Crisis Investing: Keeping Your Head
When a crisis creates uncertainty, markets often become volatile, especially when the scope of the disaster isn't clear. A crisis is like Janus, the Roman god with faces that looked forward and back. For some investors, it may represent a threat; for others, it may spell opportunity. Not every crisis requires a reaction; sticking to a long-term plan is still the best strategy for most people.
Here are some examples of factors that investors sometimes overlook when considering which face of Janus to focus on during a crisis.
Watch the global supply chain
Companies and economies increasingly operate in a global context. The more heavily an industry or company relies on global partners, the more it might be affected by crisis conditions. Think not only about companies that are affected directly by turmoil, but about other companies that rely on them.
For example, China has become in many ways the world's factory floor, and many information technology services are now outsourced to India. How would a crisis in either country affect global supply chains or communications infrastructure? Might competitors not affected by the crisis pick up at least some of the slack? How might a particular industry be hit by shortages of parts or raw materials? Is a large multinational so geographically spread out that a crisis in one part of the world may have little impact on its overall operations? Oil is perhaps the most obvious example of how a crisis can affect global supply chains. A perceived threat to supplies can affect prices of other assets.
Consider currency fluctuations
Currency fluctuations are another factor to consider. Crises in one part of the world can affect that region's currency. That in turn can affect companies located elsewhere. The 2010 panic over potential default by several eurozone countries strengthened the dollar, and though that may sound like good news, a stronger dollar can hurt U.S. exports.
Currency issues are also important because of what's called the "carry trade." This happens when investors use money from a country where interest rates are relatively low--the Japanese yen and the U.S. dollar have been prime examples in recent years--to invest elsewhere at a better rate of return. However, if the cheaper currency suddenly increases in value, the carry trade can reverse as investors put their capital back into the so-called funding currency. That can affect assets denominated in other currencies. For example, the yen soared as investors anticipated that money would be repatriated to deal with Japan's earthquake/tsunami/nuclear disaster. Some investments denominated in other currencies suffered when investors sold them to invest in yen.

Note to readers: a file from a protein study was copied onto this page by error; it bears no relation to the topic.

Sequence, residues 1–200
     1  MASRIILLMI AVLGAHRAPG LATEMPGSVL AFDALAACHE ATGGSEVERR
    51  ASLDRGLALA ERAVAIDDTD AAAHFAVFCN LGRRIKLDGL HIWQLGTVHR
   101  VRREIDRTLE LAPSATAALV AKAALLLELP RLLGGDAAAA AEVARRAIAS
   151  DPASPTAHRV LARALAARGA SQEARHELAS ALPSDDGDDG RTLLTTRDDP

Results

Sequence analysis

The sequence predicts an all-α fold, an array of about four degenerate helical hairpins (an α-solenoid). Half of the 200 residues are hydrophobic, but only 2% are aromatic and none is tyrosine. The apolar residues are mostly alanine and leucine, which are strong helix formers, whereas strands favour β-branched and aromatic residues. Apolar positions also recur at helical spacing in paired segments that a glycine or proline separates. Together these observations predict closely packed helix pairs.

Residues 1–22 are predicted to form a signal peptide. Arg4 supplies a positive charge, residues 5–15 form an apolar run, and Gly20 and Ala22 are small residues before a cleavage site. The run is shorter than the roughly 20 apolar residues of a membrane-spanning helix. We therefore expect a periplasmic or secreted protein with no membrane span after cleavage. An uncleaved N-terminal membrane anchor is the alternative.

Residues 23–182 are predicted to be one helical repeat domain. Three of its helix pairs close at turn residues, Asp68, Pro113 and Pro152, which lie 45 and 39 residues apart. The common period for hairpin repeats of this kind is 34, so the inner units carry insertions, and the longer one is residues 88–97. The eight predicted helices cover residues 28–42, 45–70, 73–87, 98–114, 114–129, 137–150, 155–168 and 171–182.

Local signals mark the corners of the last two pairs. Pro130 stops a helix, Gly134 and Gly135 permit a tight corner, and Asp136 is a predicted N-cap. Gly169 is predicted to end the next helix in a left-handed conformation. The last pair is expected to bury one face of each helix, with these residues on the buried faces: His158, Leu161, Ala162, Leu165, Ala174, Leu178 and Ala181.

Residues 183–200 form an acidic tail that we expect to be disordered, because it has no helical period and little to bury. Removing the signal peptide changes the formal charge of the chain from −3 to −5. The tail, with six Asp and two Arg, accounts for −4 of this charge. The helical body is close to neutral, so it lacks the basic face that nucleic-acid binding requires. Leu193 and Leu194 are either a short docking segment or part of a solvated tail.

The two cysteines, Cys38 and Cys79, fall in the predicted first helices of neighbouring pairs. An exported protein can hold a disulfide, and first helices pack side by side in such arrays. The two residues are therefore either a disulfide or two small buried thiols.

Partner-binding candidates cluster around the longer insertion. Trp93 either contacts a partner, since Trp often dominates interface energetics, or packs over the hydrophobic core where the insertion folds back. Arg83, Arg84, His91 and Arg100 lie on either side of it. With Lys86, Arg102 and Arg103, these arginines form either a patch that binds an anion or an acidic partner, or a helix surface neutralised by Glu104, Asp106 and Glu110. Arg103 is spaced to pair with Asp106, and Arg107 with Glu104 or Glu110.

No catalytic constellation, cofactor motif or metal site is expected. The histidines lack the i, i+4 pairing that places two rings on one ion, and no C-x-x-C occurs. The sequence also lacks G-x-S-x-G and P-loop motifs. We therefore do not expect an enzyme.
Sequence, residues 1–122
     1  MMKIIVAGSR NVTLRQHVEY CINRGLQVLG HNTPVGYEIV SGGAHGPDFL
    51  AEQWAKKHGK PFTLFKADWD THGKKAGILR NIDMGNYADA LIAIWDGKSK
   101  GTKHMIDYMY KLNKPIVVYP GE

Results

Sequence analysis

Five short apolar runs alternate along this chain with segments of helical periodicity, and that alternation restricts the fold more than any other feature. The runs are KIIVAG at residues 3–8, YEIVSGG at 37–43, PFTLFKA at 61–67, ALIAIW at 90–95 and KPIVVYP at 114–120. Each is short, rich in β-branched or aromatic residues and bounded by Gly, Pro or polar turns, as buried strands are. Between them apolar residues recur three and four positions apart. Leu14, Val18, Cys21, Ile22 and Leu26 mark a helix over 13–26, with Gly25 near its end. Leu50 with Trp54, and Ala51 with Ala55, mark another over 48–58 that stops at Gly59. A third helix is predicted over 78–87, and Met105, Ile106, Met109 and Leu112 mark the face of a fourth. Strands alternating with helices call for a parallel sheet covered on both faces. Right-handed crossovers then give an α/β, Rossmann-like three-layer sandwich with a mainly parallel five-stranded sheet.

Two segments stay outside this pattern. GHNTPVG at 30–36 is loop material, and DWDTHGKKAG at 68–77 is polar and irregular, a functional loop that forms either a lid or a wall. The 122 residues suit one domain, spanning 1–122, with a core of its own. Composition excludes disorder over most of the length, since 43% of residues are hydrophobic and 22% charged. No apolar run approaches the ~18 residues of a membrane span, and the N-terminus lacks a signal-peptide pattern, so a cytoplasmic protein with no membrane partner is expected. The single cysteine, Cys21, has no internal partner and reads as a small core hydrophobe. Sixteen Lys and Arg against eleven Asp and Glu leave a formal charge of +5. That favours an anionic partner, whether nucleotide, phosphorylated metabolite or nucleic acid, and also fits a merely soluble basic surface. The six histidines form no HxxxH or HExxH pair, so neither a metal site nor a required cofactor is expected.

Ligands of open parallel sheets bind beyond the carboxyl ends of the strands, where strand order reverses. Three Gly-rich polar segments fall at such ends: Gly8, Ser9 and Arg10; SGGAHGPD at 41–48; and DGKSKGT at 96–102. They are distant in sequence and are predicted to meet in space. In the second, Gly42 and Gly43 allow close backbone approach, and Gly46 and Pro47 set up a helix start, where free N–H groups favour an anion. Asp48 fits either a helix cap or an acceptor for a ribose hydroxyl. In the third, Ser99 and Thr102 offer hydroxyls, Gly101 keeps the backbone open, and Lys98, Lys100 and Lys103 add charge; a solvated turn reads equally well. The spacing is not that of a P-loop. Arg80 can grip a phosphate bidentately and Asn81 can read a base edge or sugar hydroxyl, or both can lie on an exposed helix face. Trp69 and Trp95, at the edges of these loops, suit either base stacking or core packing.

Think both long term and short term
Nothing lasts forever. A crisis could create opportunities that eventually peter out, or challenges that later seem trivial. Or it could have little short-term impact but mean profound change over a period of years. When considering whether a crisis represents a challenge or an opportunity, think both short term and long term.
A crisis with potentially long-term opportunities or harmful consequences may mean you may be able to take more time with a decision. If the window of opportunity is smaller or the potential devastation more short term, remember that there are alternatives to an all-or-nothing approach. For example, you could take a small position and see how your investment thesis plays out before committing more. Even if the window of opportunity slams shut, new opportunities often emerge during even the worst of times; missing one now doesn't mean you won't find others later. If you're worried about a potential downturn, you could use other investments to hedge your exposure while retaining a long-term stake, or take profits to protect part of your holdings but leave some money invested in case the crisis is short-lived.
Note: Any investment approach involves some type of risk, including the possible loss of principal, and there's no guarantee any strategy or technique will be successful.